Introduction: Themes in the Study of Life   Chapter 1
Overview: Inquiring About the World of Life <ul><li>Evolution  is the process of change that has transformed life on Earth...
Order Evolutionary adaptation Response to the environment Reproduction Growth and development Energy processing Regulation...
Concept 1.1: Themes connect the concepts of biology <ul><li>Biology consists of more than memorizing factual details </li>...
Theme : New properties emerge at each level in the biological hierarchy <ul><li>Life can be studied at different levels fr...
The biosphere Communities Populations Organisms Ecosystems Fig. 1-4a
Fig. 1-4b Organs and organ systems Cells Cell Organelles Atoms Molecules Tissues 10 µm 1 µm 50 µm
Theme:  Emergent Properties <ul><li>Emergent properties  result from the arrangement and interaction of parts within a sys...
Theme : Organisms interact with their environments, exchanging matter and energy <ul><li>Every organism interacts with its...
Ecosystem Dynamics <ul><li>The dynamics of an ecosystem include two major processes: </li></ul><ul><ul><li>Cycling of nutr...
Energy Conversion <ul><li>Work requires a source of energy </li></ul><ul><li>Energy can be stored in different forms, for ...
Fig. 1-5 Sunlight Ecosystem Heat Heat Cycling of chemical nutrients Producers (plants and other photosynthetic organisms) ...
Theme : Structure and function are correlated at all levels of biological organization <ul><li>Structure and function of l...
(a) Wings (c) Neurons (b) Bones Infoldings of membrane Mitochondrion (d) Mitochondria 0.5 µm 100 µm Fig. 1-6
Theme : Cells are an organism’s basic units of structure and function <ul><li>The cell is the lowest level of organization...
Theme : The continuity of life is based on heritable information in the form of DNA <ul><li>Chromosomes contain most of a ...
DNA Structure and Function <ul><li>Each chromosome has one long DNA molecule with hundreds or thousands of genes </li></ul...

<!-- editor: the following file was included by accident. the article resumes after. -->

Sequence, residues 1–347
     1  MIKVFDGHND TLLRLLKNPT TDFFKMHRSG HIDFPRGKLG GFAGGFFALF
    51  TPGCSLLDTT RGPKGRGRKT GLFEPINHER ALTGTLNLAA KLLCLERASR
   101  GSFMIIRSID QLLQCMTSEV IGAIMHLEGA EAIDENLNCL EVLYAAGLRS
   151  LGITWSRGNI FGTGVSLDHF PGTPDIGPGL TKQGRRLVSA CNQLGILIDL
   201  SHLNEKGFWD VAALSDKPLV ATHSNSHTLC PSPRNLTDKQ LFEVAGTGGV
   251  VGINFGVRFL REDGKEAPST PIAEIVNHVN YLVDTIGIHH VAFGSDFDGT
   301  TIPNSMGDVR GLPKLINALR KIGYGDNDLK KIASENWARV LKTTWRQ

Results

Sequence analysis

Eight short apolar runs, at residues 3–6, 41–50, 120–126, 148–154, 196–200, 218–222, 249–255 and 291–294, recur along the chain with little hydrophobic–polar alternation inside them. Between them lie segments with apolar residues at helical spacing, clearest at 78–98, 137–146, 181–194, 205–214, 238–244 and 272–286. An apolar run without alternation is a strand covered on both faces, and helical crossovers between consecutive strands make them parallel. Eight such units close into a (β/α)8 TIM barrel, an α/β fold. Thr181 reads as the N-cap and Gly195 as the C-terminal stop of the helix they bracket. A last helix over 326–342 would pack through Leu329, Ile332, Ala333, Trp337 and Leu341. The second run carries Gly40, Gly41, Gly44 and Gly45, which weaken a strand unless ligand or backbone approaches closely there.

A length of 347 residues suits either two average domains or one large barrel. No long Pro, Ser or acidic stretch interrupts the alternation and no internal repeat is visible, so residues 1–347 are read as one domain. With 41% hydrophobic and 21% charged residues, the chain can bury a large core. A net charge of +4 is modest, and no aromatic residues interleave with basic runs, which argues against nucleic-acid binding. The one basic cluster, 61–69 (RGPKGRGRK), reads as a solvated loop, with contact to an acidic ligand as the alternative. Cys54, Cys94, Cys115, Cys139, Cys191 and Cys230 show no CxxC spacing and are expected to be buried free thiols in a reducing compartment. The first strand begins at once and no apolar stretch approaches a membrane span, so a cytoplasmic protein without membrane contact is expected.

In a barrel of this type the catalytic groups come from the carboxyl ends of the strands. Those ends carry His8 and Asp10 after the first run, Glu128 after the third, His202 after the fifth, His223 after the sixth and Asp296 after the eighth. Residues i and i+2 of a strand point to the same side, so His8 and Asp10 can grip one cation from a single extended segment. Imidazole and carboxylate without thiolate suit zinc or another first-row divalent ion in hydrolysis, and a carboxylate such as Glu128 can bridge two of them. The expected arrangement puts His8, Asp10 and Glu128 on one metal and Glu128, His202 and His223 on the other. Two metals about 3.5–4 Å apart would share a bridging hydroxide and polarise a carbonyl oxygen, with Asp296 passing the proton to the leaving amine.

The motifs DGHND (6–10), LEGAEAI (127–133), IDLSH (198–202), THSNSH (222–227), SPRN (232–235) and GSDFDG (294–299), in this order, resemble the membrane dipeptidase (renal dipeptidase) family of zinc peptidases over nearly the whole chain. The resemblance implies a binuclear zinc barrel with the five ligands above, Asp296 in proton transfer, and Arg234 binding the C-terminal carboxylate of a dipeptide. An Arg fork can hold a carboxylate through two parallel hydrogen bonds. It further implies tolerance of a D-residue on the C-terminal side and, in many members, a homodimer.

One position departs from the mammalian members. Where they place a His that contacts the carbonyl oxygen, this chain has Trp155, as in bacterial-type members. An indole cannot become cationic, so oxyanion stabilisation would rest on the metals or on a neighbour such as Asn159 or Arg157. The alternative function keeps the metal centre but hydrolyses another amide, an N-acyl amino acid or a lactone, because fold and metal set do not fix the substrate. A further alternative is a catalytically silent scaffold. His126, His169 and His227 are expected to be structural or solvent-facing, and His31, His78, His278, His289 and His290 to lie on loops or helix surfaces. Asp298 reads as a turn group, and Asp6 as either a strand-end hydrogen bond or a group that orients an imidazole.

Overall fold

<ul><li>Each DNA molecule is made up of two long chains arranged in a double helix </li></ul><ul><li>Each link of a chain ...
Fig. 1-10 Nucleus DNA Cell Nucleotide (a) DNA double helix (b) Single strand of DNA
<ul><li>Genes control protein production indirectly </li></ul><ul><li>DNA is transcribed into RNA then translated into a p...
Theme : Feedback mechanisms regulate biological systems <ul><li>Feedback mechanisms allow biological processes to self-reg...
Fig. 1-13 Negative feedback  Excess D blocks  a step D D D A B C Enzyme 1 Enzyme 2 Enzyme 3 D (a) Negative feedback W Enz...
Concept 1.2:  Theme : Evolution accounts for the unity and diversity of life <ul><li>Evolution unifies biology at differen...
Grouping Species: The Basic Idea <ul><li>Taxonomy is the branch of biology that names and classifies species into groups o...
Fig. 1-14 Species Genus Family Order Class Phylum Kingdom Domain Ursus americanus (American black bear) Ursus Ursidae Carn...
The Three Domains of Life <ul><li>The three-domain system is currently used, and replaces the old five-kingdom system  </l...
<ul><li>The domain Eukarya includes three multicellular kingdoms: </li></ul><ul><ul><li>Plantae </li></ul></ul><ul><ul><li...
Theme:  Unity in the Diversity of Life <ul><li>A striking unity underlies the diversity of life; for example: </li></ul><u...
Fig. 1-16 Cilia of Paramecium Cross section of a cilium, as viewed with an electron microscope Cilia of windpipe cells 15 ...
Charles Darwin and the Theory of Natural Selection <ul><li>Charles Darwin published  On the Origin of Species by Means of ...
<ul><li>Darwin observed that: </li></ul><ul><ul><li>Individuals in a population have traits that vary </li></ul></ul><ul><...
<ul><li>Darwin inferred that: </li></ul><ul><ul><li>Individuals that are best suited to their environment are more likely ...
Fig. 1-20 Population with varied inherited traits. Elimination of individuals with certain traits. Reproduction of survivo...
The Tree of Life <ul><li>“ Unity in diversity” arises from “descent with modification” </li></ul><ul><ul><li>For example, ...
<ul><li>Darwin proposed that natural selection could cause an ancestral species to give rise to two or more descendent spe...
The Role of Hypotheses in Inquiry <ul><li>A  hypothesis  is a tentative answer to a well-framed queston…leads to predictio...
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  • Figure 1.3 Some properties of life